December 28, 2021 6:53 pm
1. Businesses to spend $15 billion on data protection tech by 2024
Rising concerns about the privacy of personal information will result in businesses spending $15 billion on data protection and compliance technology by 2024, Gartner predicts. Organisations are feeling pressure both from customers demanding greater transparency on data use and from governments imposing new regulations. More than 80 per cent of companies will face at least one privacy-focused data protection regulation by the end of 2023, says Gartner.
2. Companies collecting more data as consumer privacy concerns grow
Over the past year, 70 per cent of businesses have increased the amount of personal data they collect from consumers, according to a KPMG survey. Thirty-three per cent of businesses also said consumers should be concerned about how companies use their personal data, while 68 per cent of consumers are concerned about the level of data that businesses collect. The survey revealed that 40 per cent of consumers don’t trust companies to use their information ethically.
3. ‘Trusted’ partners should have strong privacy credentials
Privacy is becoming a key issue for organisations in choosing which partners to do business with. According to a survey from International Data Corporation (IDC), privacy is an important consideration for evaluating the trustworthiness of potential partners, along with security, compliance, environment and sustainability, and diversity and inclusion. Building a trusted network of businesses is seen as a way to boost a company’s trust perception and brand reputation among customers.
4. Rise in online payment fraud threatens data privacy
Juniper Research predicts that, in the next four years, merchant losses due to online payment fraud will exceed $206 billion. Identity and account takeover increased during the pandemic, threatening data privacy as perpetrators focused on capturing consumers’ payment information. In 2021, remote physical goods purchases were the leading cause of online payment fraud, accounting for 47 per cent of incidents.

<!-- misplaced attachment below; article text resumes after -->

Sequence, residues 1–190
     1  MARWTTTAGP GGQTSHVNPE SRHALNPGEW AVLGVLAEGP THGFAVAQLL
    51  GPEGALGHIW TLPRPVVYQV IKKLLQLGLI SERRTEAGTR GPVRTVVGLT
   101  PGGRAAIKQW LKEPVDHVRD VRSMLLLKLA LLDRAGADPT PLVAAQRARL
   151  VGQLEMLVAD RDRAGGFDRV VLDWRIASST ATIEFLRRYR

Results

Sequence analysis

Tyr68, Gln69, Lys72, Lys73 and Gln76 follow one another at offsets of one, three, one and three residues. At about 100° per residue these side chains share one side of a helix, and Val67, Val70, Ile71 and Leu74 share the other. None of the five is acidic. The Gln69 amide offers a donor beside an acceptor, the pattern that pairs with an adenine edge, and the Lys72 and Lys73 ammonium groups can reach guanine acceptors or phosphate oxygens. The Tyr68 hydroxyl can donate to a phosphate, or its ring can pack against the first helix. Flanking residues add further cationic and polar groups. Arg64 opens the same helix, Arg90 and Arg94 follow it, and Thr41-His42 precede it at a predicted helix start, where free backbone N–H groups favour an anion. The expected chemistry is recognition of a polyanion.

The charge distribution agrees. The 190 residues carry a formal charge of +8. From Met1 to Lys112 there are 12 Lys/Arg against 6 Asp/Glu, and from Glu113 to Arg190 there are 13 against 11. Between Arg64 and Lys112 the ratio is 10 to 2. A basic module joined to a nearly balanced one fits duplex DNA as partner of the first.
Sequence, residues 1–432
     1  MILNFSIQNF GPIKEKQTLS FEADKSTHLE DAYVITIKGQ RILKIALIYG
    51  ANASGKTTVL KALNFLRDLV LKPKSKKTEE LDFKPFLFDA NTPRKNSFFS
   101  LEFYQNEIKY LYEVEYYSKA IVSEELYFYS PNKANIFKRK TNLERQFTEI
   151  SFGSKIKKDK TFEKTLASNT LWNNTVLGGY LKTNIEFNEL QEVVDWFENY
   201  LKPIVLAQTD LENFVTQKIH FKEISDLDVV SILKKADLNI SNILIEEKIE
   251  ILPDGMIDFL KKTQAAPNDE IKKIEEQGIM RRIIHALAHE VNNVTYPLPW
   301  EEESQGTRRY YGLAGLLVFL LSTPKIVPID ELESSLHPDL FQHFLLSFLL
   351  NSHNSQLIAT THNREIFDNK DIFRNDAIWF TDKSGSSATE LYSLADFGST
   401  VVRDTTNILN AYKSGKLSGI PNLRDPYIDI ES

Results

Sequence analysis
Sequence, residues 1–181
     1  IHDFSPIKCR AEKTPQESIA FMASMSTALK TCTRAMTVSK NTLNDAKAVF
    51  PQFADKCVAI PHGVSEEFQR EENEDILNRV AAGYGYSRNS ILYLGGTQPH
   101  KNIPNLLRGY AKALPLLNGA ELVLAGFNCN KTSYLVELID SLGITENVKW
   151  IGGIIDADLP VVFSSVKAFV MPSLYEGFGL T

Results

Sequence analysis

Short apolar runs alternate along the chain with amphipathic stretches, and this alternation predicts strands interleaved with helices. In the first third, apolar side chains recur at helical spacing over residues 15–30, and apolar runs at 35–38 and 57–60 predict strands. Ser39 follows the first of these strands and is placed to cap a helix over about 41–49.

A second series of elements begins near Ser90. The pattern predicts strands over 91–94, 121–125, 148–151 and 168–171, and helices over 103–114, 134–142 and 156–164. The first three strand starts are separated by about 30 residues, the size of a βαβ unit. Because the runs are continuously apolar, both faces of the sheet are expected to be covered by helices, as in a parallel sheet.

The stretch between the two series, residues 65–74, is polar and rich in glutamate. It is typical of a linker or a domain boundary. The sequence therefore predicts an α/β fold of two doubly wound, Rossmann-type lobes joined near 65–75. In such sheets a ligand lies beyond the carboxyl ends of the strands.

5. Millions refuse to allow NHS to share patient data with private companies
More than one million people in the UK have opted out of a National Health Service (NHS) data-sharing scheme, after an online campaign spread awareness of government plans to make patient data available to private companies. The scheme is now on hold as officials re-evaluate it. Since the campaign launched, NHS Digital has been promising to increase the security and privacy of patient data.
6. UK government revisiting data protection rules
7. Consumers won’t patronise companies that abuse data
People are becoming more concerned about the privacy of their personal information, and are prepared to adjust their purchasing habits to back up their values. According to an Ipsos study, 71 per cent of consumers said they would stop doing business with a company if it gave away sensitive information without permission. Fifty-seven percent of those surveyed also said they need to learn more about ways to protect themselves.
8. Could ‘synthetic’ data ease privacy concerns for healthcare research?
A public health researcher at the University of Alberta is working to create ‘synthetic’ medical data that maintains patient confidentiality while still proving useful for conducting research, testing products and training students. The researchers used machine learning to model and create healthcare records that mimic real-world data but cannot be traced back to individual patients.
9. Stockholm called out for ‘privacy washing’ over schools app
The city of Stockholm has been accused of ‘privacy washing’ when it blocked a third-party app that aimed to replace and improve upon an expensive and underperforming IT system for schools. “By slandering the volunteers who discovered security defects in its billion-kroner app, the city was able to maintain the fiction that it had exercised good oversight in public spending,” says privacy campaigner Cory Doctorow on Twitter.
10. Creating safe, remote work environments a priority for businesses
New ways of working brought on by the COVID-19 pandemic have affected companies’ technology spending priorities. Cybersecurity and hybrid working are now enterprises’ main concerns, according to recent research by Omdia. More than half (58 per cent) of workers said they either will be primarily home-based or will adopt a hybrid work style, leaving businesses scrambling to invest in technologies that support safe and productive environments for workers and their data.
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